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I'm listening to the On Wings of Eagles audiobook by Ken Follett and found some information about a non-stop transatlantic flight between Teheran (IKA) and Dallas (DFW). GCM says that this is 7,300 miles and Google says that's 11,750 km.

Was there any aircraft capable of performing such a flight in 1979? If yes, then which one?

It was expected to travel with about 10-15 people on board and non-stop flight seems to be essential (at least to the author, because I completely don't understand the reasons why such a flight couldn't take a re-fueling break at some European airport once clear of the dangerous zone of Iran's / Middle East's airspace).

The author's choice of either a Boeing 707 or 727 seems to be completely incorrect, as according to Wikipedia there wasn't any version of either of those aircraft capable of flying 7,300 miles non-stop (or I'm missing something). The longest range mentioned is 10,650 km in the case of the B707-320B.

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    $\begingroup$ The 747 could do it. $\endgroup$ – Ron Beyer Aug 17 '16 at 18:35
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    $\begingroup$ @mins Not directly explained in the book, but given conditions of plot action (chartered plane able to be ready as fast as possible) I assume that we're talking about completely unmodified plane with no additional tanks etc. $\endgroup$ – trejder Aug 17 '16 at 18:40
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    $\begingroup$ "1978 - Omni leases a Boeing 707 to Ross Perot for rescue of EDS employees from Tehran. The story would later be chronicled in Ken Follett's bestselling book 'On Wings of Eagles'" (source). $\endgroup$ – mins Aug 17 '16 at 18:46
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    $\begingroup$ Usually, the "Maximum Range" quoted on Wikipedia is at the Maximum Take-Off Weight, something that probably wouldn't happen with 10-15 people on board. To get the true range you would need to have the aircraft performance charts. $\endgroup$ – Ron Beyer Aug 17 '16 at 18:46
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    $\begingroup$ BTW, you don't need to go via GCM and Google to get distances in kilometers: you can select your units in GCM. (Here's IKA-DFW in km.) $\endgroup$ – David Richerby Aug 17 '16 at 21:14
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Even for zero payload, no B707 model is able to fly more than 6000nmi (11111km). B727 even has less range.

However, Iranair planned to run Tehran-LAX flight, which length is 12222km, but never materialized because of 1979 revolution. The flight could have been operated by the 747SP (introduced in 1976), similar to their Tehran-JFK route.

B707

B727

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    $\begingroup$ As in my comment to Dave's answer, it seems, that you confirm my assumption -- it is possible in general, but author's selection of 707 is a completely wrong path. Am I correct? $\endgroup$ – trejder Aug 18 '16 at 6:04
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    $\begingroup$ @trejder Maximum range may vary for other reasons like jet stream which does not take into consideration on the table above. $\endgroup$ – Him Aug 18 '16 at 16:26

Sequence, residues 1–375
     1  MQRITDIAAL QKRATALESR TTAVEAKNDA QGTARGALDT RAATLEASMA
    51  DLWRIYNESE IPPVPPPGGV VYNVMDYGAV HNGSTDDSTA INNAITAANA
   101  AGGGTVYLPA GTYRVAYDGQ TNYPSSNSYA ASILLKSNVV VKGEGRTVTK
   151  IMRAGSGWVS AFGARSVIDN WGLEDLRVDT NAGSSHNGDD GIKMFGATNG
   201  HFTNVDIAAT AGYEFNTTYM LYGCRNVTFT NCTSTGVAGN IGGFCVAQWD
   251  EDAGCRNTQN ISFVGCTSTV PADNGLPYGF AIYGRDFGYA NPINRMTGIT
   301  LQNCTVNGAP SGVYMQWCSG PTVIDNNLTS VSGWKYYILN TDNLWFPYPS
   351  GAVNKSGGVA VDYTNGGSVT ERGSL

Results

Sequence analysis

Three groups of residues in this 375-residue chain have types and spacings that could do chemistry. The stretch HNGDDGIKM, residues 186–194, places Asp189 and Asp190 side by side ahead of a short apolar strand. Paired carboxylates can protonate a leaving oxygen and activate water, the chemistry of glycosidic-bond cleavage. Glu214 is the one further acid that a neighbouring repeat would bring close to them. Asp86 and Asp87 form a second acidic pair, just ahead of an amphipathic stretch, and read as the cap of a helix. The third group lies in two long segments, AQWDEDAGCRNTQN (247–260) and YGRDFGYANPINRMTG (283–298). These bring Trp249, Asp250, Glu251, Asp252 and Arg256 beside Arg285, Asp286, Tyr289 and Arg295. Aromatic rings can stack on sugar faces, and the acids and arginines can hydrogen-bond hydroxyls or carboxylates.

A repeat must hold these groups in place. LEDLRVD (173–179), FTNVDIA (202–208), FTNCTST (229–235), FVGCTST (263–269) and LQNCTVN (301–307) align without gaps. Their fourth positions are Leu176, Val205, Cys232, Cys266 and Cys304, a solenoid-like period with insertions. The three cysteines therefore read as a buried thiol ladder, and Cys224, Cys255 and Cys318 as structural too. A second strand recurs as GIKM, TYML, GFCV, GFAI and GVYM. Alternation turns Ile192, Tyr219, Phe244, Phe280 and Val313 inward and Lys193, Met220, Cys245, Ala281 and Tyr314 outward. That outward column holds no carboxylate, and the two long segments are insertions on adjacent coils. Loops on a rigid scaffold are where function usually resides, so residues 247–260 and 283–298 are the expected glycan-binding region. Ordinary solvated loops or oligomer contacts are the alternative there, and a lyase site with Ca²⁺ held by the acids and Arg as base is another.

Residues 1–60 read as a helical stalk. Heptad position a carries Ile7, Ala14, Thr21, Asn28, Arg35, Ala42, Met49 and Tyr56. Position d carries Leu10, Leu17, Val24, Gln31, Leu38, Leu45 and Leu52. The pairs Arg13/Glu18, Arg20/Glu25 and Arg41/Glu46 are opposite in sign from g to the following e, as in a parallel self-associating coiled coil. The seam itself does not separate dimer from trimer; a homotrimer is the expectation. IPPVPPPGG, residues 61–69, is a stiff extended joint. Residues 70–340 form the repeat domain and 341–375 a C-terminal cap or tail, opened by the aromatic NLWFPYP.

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    $\begingroup$ Your image links are broken. $\endgroup$ – Sean May 4 at 21:00
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Sure it was possible as for the list of planes that depends on if you consider the planes in their base configuration or not. Just about any plane out there could be fitted with Ferry Tanks allowing for ranges that are well outside its quoted maximum range. As you mention the aircraft only needs to hold 10-15 people, in the spirit of completeness for what its worth a plane like a 747 can fly a lot farther if there is only 15 people on board and the rest of the plane is effectively a flying fuel tank. While this may not be the immediate case there the idea is similar.

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    $\begingroup$ Please, consider my comment added an hour before your answer. It seems -- due to story plot (an extreme rush) -- though not clearly stated in a book, that we're talking about unmodified plane only (no external tanks). Plus: it seems, that even though 747 can do this, author's selection of unmodified 707 (727 also considered, but rejected) is a wrong shot. Can you confirm that? Thank you. $\endgroup$ – trejder Aug 18 '16 at 6:02
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Sure. A B-36 produced from 1946 and onwards has a range of approx. 10.000 miles according to Wikiepdia: https://en.wikipedia.org/wiki/Convair_B-36_Peacemaker#Specifications_.28B-36J-III.29

According to the book "B-36 - Cold War Shield" a regular long-range crew numbered around 15 people, plus possible obeservers.

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    $\begingroup$ Don't think any were still flying by 1979, though! $\endgroup$ – Andrew Aug 18 '16 at 20:42

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